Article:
A new car is not going to change your life.
Some writers are more natural public performers than others; personally I find it quite strange giving interviews. But everyone has parts of their job that they like more than others. You can't complain if you get to do what you love doing most of the time, can you?
I like Beryl Bainbridge a great deal, and she is a writer who absolutely demands to be read a second, third, and fourth time. I admire her great courage in leaving so much unsaid and asking the reader to really engage her brain.
I guess there's a sort of cycle with writing books. There's all the researching and then the imagining and writing - which is the real job - and then there's always a period when the book comes out and you have to lift your head and venture out.
I started writing 'Brick Lane' when my children were two years and five months old. We were on holiday in the north of England when I was overtaken by a compulsion to start writing.
I was always an outsider, always standing outside, observing and trying to figure things out. Which is exactly what you need to do as a writer, I suppose.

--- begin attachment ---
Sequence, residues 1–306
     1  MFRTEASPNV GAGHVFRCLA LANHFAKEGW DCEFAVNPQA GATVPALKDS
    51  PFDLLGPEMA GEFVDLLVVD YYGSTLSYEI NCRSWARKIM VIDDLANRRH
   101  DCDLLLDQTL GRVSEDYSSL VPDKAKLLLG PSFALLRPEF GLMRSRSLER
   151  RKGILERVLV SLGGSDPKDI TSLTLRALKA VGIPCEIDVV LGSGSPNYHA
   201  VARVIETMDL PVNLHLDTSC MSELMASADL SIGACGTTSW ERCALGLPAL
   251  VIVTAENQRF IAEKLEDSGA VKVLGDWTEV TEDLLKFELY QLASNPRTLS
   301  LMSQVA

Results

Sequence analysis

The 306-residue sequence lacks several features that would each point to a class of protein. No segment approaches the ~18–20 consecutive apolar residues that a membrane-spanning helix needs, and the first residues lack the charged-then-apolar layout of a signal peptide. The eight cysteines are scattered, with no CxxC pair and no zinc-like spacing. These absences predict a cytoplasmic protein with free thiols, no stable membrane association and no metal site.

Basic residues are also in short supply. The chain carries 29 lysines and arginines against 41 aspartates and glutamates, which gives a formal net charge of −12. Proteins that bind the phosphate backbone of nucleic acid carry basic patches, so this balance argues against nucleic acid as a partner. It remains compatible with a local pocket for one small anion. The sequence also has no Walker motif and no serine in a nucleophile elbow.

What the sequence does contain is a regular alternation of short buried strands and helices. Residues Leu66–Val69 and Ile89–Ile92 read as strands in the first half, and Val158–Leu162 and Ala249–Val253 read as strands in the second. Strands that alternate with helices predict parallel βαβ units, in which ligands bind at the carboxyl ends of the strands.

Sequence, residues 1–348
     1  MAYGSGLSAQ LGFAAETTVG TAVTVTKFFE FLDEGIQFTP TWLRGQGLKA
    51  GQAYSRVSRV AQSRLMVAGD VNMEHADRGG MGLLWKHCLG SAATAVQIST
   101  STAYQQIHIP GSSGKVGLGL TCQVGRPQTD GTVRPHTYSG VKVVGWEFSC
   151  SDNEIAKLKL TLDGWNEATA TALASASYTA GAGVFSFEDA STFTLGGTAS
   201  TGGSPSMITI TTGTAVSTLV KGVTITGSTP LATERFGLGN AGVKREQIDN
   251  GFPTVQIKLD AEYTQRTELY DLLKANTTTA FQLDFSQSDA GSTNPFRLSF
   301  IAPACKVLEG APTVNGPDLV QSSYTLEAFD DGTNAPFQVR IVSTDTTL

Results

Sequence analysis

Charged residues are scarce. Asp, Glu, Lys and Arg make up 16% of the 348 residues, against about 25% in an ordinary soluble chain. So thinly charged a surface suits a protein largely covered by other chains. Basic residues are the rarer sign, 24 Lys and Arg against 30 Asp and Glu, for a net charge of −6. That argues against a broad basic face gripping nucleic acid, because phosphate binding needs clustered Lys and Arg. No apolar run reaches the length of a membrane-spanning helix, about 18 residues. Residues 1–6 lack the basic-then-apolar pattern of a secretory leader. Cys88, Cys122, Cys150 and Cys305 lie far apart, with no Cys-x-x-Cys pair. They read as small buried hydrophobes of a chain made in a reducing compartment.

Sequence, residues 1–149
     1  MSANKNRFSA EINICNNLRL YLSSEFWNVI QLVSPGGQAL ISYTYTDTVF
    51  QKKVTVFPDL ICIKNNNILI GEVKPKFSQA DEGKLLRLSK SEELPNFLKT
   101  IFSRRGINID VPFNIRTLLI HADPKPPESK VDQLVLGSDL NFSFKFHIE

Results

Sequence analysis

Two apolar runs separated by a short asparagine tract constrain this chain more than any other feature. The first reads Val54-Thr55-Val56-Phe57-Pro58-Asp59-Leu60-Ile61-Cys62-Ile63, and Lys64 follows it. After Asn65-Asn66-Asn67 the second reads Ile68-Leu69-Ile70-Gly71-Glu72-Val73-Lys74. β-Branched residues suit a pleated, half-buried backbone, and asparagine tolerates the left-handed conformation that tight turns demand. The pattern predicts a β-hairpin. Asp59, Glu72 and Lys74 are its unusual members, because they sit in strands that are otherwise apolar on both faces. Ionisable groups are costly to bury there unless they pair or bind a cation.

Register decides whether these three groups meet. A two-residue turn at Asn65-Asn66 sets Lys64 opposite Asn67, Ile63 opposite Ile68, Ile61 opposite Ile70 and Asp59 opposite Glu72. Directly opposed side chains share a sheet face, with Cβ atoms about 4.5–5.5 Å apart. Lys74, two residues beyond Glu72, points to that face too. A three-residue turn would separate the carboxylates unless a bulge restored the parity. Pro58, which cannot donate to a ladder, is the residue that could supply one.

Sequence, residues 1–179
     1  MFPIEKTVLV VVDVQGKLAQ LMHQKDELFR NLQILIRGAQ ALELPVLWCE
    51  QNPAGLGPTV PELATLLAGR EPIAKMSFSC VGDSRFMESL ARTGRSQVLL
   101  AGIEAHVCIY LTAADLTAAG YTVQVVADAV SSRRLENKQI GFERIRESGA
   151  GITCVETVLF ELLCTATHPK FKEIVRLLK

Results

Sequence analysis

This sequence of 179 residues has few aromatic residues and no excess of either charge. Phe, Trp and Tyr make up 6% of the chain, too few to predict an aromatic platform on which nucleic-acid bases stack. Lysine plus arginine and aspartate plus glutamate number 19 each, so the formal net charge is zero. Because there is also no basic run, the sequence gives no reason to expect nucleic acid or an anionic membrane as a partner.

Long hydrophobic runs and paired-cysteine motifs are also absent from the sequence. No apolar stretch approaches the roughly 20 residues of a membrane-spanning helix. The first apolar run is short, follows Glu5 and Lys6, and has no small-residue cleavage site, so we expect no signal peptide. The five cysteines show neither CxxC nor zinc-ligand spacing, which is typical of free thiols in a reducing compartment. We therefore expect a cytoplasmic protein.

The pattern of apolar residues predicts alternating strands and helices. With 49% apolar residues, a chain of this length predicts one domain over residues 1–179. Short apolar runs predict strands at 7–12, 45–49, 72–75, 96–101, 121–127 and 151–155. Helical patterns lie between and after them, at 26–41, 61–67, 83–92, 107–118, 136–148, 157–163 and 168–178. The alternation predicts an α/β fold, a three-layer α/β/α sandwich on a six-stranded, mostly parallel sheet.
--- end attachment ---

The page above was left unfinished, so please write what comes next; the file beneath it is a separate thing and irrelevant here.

Kids are naturally inventive and curious and creative, but most adults have had that beaten out of them. Writing is a form of play; you have to get rid of all those internal censors that we adults have, the things that say, 'Don't go there, that's not allowed.'
People don't get involved with local charities or politics because they think it's hard to make a difference and the problem feels overwhelming. But I believe that if all I've time for this year is to write one letter to the local council, it's still worth doing.
I don't want to get hung up on what 'people,' that nebulous mass, think about me. That's the way to unhappiness, I think.
I'm very eclectic in my music tastes - anything from Nina Simone to Beethoven to Talvin Singh.
People always want to identify a writer with their protagonist.
Character is always my driving force. And to tell a good story and to provide an entertaining read.
I wish I got a lie-in on Saturday mornings but I never do.
I always try to create conflict and drama in my books; it's the engine of the novel.
I rarely get a moment to myself, but I love the way that my agenda is dictated by the children, not my work.
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